Date posted: January 24, 2012
A recently published book authored by journalist Nazlı Ilıcak tries to shed light on allegations that point to the faith-based Gülen movement as the driving force behind some ongoing trials in Turkey that aim to cleanse the country of anti-democratic formations. Ilıcak’s book, “Her Taşın Altında ‘The Cemaat’ mi Var?” (Is the “The Movement” behind everything?), which was published by Doğan Books, has just hit bookshelves.
24 January 2012 / TODAY’S ZAMAN, İSTANBUL
In the book, the journalist tries to shed light on secret attempts to cover up and manipulate the trials concerning Ergenekon, a shadowy crime network that has alleged links within the state and is suspected of plotting to topple the government, OdaTV, the Hrant Dink murder, the Action Plan Against Reactionaryism and the process leading up to the release of the April 27 military memorandum in 2007.
Through examples, she explains how all the probes and trials, which all contribute to Turkish democracy, were presented as if they were a conspiracy instigated by the Gülen movement through manipulative or misleading media reports.
The Gülen movement is a group of volunteers engaged in interfaith and intercultural dialogue inspired by the ideas of Fethullah Gülen, whose teachings promote mutual understanding and tolerance between cultures. Now residing in the US, Gülen has pioneered educational activities in a number of countries, along with efforts to promote intercultural and interfaith activities around the world.
The book has two main chapters. The first chapter examines disinformation efforts and black propaganda against ongoing trials, while the second chapter covers allegations about Gülen and Gülen’s responses about the cases filed against him in addition to interviews with the Islamic scholar.
Ilıcak explains the efforts to associate Gülen with the ongoing probes by saying, “Fethullah Gülen’s name has become a shield in the hands of everyone involved in wrongdoing.”
The journalist recalls that at a time when the probe into Ergenekon gained momentum, suspects who were detained as part of this case accused pro-Gülen elements in the police of being behind the operations.
Journalist Ahmet Şık, who was among those arrested last year as part of a probe into Ergenekon, shouted “Whoever touches him [Gülen] is doomed” when he was taken into custody. Shortly after his arrest, his lawyer, Bülent Utku, made the following comment: “My client informed us that he was arrested because of a book he had recently drafted that he is planning to name ‘İmamın Ordusu’ [The Imam’s Army], depicting how Gülen’s movement is entrenched within the state.”
“Particularly during the period that started with the Feb. 28, 1997, unarmed military intervention, many books have been marketed that were used by certain parties as part of a psychological war against me. The allegations in these books were no different from the allegations raised in the courts where I was acquitted. These books were even part of the case dossier, and their contents were included in the indictments. The value of the allegations in these books is well known by the public. It is clear that it is impossible in this age of information to prevent any publication from reaching readers. It is also apparent that such attempts would only result in greater interest in the publication one sought to prohibit. Personally, I have made no appeal or complaint about the said book or its author.” These are the words of Turkish Islamic scholar Gülen. The book Gülen referred to is “İmamın Ordusu,” whose draft manuscript was prepared by journalist Şık, and included a compilation of past allegations that the Gülen movement has seized control of the Turkish state.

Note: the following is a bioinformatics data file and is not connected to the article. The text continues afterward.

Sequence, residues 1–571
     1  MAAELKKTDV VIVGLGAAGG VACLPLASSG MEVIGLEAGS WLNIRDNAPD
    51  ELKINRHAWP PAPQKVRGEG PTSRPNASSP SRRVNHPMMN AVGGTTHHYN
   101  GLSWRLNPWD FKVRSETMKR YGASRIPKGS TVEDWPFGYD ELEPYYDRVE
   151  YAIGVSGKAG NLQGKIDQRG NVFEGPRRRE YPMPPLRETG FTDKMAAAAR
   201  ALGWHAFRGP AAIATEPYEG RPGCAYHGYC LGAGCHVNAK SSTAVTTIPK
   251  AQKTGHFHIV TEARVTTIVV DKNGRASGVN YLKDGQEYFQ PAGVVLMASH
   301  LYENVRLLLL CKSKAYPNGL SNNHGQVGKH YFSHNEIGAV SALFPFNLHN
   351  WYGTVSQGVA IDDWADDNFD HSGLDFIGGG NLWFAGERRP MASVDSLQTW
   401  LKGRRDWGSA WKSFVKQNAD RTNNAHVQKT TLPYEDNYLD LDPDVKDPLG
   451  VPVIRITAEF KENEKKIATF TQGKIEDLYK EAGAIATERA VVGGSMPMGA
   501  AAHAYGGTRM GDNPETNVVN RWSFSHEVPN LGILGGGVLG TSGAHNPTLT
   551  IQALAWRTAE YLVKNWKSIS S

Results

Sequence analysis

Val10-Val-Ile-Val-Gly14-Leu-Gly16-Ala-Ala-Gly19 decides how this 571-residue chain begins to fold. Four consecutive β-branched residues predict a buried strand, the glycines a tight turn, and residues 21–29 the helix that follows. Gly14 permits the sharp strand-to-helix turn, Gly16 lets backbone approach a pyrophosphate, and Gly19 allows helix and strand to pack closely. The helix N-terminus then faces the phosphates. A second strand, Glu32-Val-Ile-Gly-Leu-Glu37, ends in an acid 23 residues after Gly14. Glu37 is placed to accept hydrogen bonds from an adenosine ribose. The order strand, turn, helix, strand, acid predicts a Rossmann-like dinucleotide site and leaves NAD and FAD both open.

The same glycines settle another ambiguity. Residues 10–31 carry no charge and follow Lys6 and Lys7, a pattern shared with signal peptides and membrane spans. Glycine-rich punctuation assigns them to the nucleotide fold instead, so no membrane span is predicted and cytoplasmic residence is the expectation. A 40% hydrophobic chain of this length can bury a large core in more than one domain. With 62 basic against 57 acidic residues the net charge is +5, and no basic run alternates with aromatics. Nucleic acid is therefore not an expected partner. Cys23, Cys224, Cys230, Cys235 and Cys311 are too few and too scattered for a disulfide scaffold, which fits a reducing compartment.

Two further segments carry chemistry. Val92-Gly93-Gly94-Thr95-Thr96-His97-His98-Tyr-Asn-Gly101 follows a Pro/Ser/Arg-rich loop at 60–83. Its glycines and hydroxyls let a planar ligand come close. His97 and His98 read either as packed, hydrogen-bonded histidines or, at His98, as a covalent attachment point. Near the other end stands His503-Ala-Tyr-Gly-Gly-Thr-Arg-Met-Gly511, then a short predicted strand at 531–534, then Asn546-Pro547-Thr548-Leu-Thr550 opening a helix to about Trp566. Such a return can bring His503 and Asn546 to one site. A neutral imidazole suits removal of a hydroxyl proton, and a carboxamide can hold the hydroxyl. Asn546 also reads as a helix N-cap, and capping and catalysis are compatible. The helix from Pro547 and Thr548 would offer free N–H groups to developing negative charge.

Ilıcak’s book also reveals the negligence of state officials in the murder case of Hrant Dink, a Turkish-Armenian who was killed in 2007 by an ultranationalist youth. A document in the book reveals that the Trabzon Police Department sent a notice to the İstanbul Police Department on Feb. 17, 2006, warning them about an assassination plot against Dink. The document has three signatures on it confirming that it was received on Feb. 18, 2006. There is also a note on the document saying, “Let’s take the suspect into protective custody; this is urgent.” Despite this note no action was taken to prevent the murder, and a fake report was prepared after the Dink assassination.
Last week, the İstanbul 14th High Criminal Court issued its ruling in the 25th hearing of the Dink murder case. Yasin Hayal and Erhan Tuncel, the main suspects, who were accused of being the instigators, and all other suspects, were cleared of charges of membership in a terrorist organization. The prosecutor and the Dink family lawyers have been accusing them of acting under orders from a clandestine criminal network suspected of having ties with senior state officials and military and police officers. Even though five years have passed since his assassination, the Dink family lawyers and civil society have long remained concerned that evidence relating to the real perpetrators of the crime is still being covered up, and even if two courts’ rulings punished the hitman and one accomplice, the public’s sense of justice will not be satisfied.